Eternity in the Present

Eternity in the Present

Whitehot's Noah Becker on Alex Katz — featuring in our London Editions auctions this January.

Whitehot's Noah Becker on Alex Katz — featuring in our London Editions auctions this January.

Alex Katz is the man of the hour. Image: dpa picture alliance / Alamy Stock Photo, Artwork: © Alex Katz / DACS, London / VAGA, New York.

In New York City this past season, Alex Katz’s blockbuster at the Guggenheim was the talk of the town. We asked our favorite flaneur and publisher of Whitehot Magazine of Contemporary Art, Noah Becker, for his take on the living legend.


Alex Katz lives a quiet existence. But I’ve also seen him on occasion at glamorous events and openings in New York City. For him, living in the moment means embracing the eternal now in all its fullness — it’s what I would describe as “leaning into the silence.” It’s also clear to me that he loves the noise and excitement of the limelight and the contrast between his rural studio in Maine and his New York lifestyle.

Alex Katz, OonaUlla, and Christy from Black Dress, 2015. Editions London.

Katz is the most New York City of painters. He never articulates the city’s iconic scenery — there are no painted skyscrapers. Unlike Edward Hopper who painted how light falls on the sides of buildings, Katz gets up close and personal with the city’s elite classes and their mood. His works Oona, Ulla, and Christy from Black Dress (2015) are great examples of this. People at ease with themselves. Such composure and poise! — not the image of New York City typically broadcast round the world.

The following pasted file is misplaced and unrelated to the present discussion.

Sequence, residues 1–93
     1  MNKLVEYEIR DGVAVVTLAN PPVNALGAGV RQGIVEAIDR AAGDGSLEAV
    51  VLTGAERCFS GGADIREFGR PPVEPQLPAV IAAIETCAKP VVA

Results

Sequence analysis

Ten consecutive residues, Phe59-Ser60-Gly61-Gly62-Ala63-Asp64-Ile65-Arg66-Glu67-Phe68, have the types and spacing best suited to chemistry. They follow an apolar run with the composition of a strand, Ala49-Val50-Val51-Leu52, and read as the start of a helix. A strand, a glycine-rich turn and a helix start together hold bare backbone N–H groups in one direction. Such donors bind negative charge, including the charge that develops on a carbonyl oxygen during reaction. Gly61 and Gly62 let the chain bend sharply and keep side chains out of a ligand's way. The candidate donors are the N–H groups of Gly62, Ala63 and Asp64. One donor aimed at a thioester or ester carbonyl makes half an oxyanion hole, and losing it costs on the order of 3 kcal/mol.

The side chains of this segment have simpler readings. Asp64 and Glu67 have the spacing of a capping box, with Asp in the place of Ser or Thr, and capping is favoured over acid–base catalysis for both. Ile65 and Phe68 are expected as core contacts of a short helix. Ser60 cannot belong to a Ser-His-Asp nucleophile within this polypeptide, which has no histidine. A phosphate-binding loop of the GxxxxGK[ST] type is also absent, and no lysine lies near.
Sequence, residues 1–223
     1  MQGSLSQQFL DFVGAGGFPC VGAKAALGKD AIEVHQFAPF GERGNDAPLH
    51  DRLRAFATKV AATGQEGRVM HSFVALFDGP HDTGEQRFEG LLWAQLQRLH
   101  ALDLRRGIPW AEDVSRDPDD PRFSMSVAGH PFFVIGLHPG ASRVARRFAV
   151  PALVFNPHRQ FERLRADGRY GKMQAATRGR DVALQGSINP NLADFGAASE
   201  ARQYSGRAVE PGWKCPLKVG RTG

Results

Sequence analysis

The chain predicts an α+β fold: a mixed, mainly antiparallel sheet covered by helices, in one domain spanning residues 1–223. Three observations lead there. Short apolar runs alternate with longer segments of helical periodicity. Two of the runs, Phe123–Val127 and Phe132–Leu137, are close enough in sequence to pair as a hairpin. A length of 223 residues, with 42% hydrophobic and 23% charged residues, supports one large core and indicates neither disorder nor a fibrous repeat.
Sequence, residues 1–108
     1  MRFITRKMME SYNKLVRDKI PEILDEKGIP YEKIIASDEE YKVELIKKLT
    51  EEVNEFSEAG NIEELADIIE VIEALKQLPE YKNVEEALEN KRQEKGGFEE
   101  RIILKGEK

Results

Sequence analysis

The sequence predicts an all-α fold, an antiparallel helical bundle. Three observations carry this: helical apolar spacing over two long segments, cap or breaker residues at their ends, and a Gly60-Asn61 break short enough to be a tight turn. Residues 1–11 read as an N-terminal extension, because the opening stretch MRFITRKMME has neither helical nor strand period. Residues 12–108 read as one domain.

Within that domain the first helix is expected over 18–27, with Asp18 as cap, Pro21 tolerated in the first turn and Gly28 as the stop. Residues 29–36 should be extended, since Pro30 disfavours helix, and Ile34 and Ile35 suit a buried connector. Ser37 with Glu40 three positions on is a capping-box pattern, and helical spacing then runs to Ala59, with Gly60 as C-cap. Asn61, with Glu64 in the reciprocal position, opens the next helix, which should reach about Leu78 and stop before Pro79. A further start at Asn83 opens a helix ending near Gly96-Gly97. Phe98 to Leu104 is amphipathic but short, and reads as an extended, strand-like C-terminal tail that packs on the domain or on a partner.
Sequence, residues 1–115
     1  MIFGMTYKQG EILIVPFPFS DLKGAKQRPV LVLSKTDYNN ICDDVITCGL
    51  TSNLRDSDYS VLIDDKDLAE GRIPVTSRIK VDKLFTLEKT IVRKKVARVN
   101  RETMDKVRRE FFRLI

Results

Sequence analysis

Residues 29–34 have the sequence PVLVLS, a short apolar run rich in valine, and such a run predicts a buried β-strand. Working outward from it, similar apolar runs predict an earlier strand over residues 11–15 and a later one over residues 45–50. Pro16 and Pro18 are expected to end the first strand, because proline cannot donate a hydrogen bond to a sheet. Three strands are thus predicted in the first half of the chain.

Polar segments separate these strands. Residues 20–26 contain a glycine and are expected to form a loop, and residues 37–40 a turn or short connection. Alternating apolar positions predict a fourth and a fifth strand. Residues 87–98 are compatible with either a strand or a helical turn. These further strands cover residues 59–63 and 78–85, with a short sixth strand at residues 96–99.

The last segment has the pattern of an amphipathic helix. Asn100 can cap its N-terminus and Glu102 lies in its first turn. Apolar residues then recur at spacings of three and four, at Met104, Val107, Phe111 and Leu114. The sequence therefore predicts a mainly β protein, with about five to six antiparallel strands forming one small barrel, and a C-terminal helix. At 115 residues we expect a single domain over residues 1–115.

Alex Katz, White Visor, 2003. Editions London.

The people in these works are very real to him. My good friend, Japanese fashion model Mie Iwatsuki has posed for at least ten Katz masterpieces over the years. She tells me, “Alex doesn’t just choose (models) based on photographs. He doesn’t get inspired unless he has a connection with the person.” This makes the paintings more diaristic and personal for me.

Alex Katz, Song, 1980-81. Editions London.

Katz pioneered a more personal kind of figurative art that opened the door for artists like Elizabeth Peyton and others of her generation. Other portrait-based artists that come to my mind are Alice Neel and even recent artists such as Amy Sherald. This area of figurative painting also makes me think of British artists like Stanley Spencer, Francis Bacon, Lucian Freud, and David Hockney. All succeed in elevating portrait painting into the realm of high art. Katz is a standout for being lean, clean, and vibrantly American.

Alex Katz, Blue Hat, 2003/4. Editions London.


He uses a humanist portrait style to articulate his ideas in paintings and prints, but his art invites us into his world — one of quintessentially cosmopolitan urbanity in a city that continues to be tempered by our ever-changing culture. During his long career, he has been like a lighthouse surrounded by a changing and expanding storm of Pop Art and Abstract Expressionism, remaining self-contained and focused on his goals throughout major cultural changes in America.